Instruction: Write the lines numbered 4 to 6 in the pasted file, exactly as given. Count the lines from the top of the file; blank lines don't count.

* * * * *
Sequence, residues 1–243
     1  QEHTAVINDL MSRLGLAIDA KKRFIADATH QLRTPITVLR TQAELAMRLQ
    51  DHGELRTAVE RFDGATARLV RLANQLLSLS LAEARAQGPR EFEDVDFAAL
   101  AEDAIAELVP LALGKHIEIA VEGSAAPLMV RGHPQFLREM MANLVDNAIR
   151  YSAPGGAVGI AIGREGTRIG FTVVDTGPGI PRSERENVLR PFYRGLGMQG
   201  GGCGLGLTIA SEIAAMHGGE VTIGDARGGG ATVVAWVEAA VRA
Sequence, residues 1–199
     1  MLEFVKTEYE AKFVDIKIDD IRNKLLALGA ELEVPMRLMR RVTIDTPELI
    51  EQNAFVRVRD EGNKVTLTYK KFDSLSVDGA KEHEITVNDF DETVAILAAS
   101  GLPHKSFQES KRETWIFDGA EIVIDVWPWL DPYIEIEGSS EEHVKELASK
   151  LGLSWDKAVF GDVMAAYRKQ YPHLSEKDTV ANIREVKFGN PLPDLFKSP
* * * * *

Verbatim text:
   101  AEDAIAELVP LALGKHIEIA VEGSAAPLMV RGHPQFLREM MANLVDNAIR
   151  YSAPGGAVGI AIGREGTRIG FTVVDTGPGI PRSERENVLR PFYRGLGMQG
   201  GGCGLGLTIA SEIAAMHGGE VTIGDARGGG ATVVAWVEAA VRA